Welcome to Male Mind — The interview series featuring a different man’s take on love-life topics every month. From dropping the right cues to making the first move, Evyenia Trembois gets the inside story straight from the source.
J: My fiance and I met through a matchmaking service, did you know that?
E: I did not! Tell me about it!
J: Well, my wife of 26 years, Ria, passed. So after she was deceased for a while… the reality of living alone set in. You get kind of lonely. But at the same time, you sort of enjoy your freedom too. It’s a mixed, interesting phenomenon that you go through.
E: What did freedom mean to you as a single man?
J: Well… you get up when you want to get up. You do whatever you want around the house, and you come and go as you please. You want to eat a greasy cheeseburger? You do that. That said, I’m much more health conscious now. My current fiancé has gotten me into hiking. I’m in much better shape. I always went to the gym but I’ve grown to be more serious about it. But the freedom… it’s just not having any responsibility to another person. It’s kind of nice once-in-a-while when one of us has to take a business trip, we get a little time to do our own thing and that’s healthy!
“I have a lot of single friends who have trouble staying at home and being by themselves.”
J: I never had that problem. You have to be comfortable with yourself. Balance is important.
E: Ok, back to the story of how you met your current fiancé!
J: Right! My VP of sales’s wife was working for a matchmaking service at the time, and he suggested I call her up and see what she had to say. I ended up getting introduced to Kim. She was my first and only introduction. We hit it off! We live together now and are engaged!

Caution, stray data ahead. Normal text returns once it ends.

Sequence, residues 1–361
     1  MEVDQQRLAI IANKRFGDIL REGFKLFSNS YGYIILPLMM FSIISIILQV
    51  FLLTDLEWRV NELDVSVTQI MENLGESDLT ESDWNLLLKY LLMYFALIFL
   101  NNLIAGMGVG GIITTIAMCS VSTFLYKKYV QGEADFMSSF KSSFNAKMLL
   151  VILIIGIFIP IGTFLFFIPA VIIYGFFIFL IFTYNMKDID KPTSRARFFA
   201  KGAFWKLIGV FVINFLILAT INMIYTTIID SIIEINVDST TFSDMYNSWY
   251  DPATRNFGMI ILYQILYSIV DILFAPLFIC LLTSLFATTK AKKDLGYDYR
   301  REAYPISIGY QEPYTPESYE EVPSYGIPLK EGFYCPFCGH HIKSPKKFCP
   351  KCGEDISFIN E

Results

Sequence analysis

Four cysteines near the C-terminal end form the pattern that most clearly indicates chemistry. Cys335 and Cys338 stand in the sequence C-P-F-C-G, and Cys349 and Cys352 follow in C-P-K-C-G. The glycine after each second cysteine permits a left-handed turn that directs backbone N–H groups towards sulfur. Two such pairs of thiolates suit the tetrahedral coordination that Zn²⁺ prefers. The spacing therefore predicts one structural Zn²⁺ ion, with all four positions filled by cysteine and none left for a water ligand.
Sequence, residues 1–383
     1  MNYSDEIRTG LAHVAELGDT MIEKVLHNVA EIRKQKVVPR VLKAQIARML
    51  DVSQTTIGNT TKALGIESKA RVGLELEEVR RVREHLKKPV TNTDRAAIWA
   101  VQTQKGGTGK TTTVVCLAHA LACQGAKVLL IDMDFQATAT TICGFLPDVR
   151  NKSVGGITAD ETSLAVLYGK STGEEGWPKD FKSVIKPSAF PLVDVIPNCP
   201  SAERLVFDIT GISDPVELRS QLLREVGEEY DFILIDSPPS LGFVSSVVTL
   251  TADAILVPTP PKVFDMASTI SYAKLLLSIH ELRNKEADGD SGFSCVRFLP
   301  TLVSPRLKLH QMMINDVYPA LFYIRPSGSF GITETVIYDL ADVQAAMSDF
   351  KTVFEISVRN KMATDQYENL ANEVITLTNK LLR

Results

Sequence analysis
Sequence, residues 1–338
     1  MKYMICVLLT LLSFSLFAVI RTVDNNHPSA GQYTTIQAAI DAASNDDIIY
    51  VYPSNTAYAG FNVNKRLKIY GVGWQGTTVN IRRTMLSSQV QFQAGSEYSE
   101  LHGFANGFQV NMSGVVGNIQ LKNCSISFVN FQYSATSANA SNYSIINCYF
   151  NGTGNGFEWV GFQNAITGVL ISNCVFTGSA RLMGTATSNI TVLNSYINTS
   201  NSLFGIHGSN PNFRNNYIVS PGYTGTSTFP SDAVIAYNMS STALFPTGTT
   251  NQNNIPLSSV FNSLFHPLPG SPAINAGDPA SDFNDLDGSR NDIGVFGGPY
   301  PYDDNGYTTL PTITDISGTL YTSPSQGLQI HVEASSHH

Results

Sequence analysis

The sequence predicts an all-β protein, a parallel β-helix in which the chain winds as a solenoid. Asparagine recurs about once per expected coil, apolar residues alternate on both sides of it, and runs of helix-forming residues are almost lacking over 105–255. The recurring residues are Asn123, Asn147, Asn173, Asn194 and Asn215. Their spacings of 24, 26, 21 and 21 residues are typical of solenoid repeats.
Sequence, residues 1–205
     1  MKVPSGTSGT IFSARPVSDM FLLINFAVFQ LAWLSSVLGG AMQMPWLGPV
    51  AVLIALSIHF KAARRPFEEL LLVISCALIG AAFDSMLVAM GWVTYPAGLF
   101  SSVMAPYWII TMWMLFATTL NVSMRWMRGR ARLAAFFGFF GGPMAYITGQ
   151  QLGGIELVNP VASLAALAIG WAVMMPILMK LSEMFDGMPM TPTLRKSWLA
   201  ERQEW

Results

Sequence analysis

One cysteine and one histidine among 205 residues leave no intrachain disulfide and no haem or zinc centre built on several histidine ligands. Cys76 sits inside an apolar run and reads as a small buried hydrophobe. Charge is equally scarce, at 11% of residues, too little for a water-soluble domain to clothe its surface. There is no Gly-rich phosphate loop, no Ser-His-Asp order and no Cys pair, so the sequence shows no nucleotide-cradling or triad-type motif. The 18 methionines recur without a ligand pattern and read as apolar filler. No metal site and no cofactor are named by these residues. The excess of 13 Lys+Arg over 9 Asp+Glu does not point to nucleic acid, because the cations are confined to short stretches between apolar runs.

E: Wow! That’s crazy that she was your first match! What do you think it was that made it an instant connection?
J: We have a lot of similar values. Family is very important to both of us. I don’t have any kids, but I’ve always valued the importance of family. Family and friends are very important in my life. I was married to Ria for 26 years, and she was one of 10 siblings so I was exposed to a big family there. And I still have terrific relationships with all of her brothers and sisters. They’ve been very supportive with my moving forward. So these are important parts of my life, and I know it’s very important in Kim’s life. It’s all worked out rather nicely.
E: Were there any challenges with Kim having kids? I know they are adults, but…
J: No, not really. Her son lives with us, and he’s been terrific to have around. He helps out around the house and comes and goes as he pleases. He’s an adult. And Kendall (her daughter) is an absolute joy to have around. I’ve been very fortunate to develop my own relationships with both of them. There’s a lot of friendship and love there.
E: As a business owner, how have you balanced your professional and personal life?
J: There’s always a challenge with that. I’m kind of weird; I get up 3:30 in the morning because there is so much of the world that’s on the East Coast, and I have to work on both timezones. That doesn’t mean I get out at 2 in afternoon. Not when you own a business! There’s always work to be done. And of course, I go to the gym. I work hard to stay in shape. Those are the kinds of things that cut into personal time.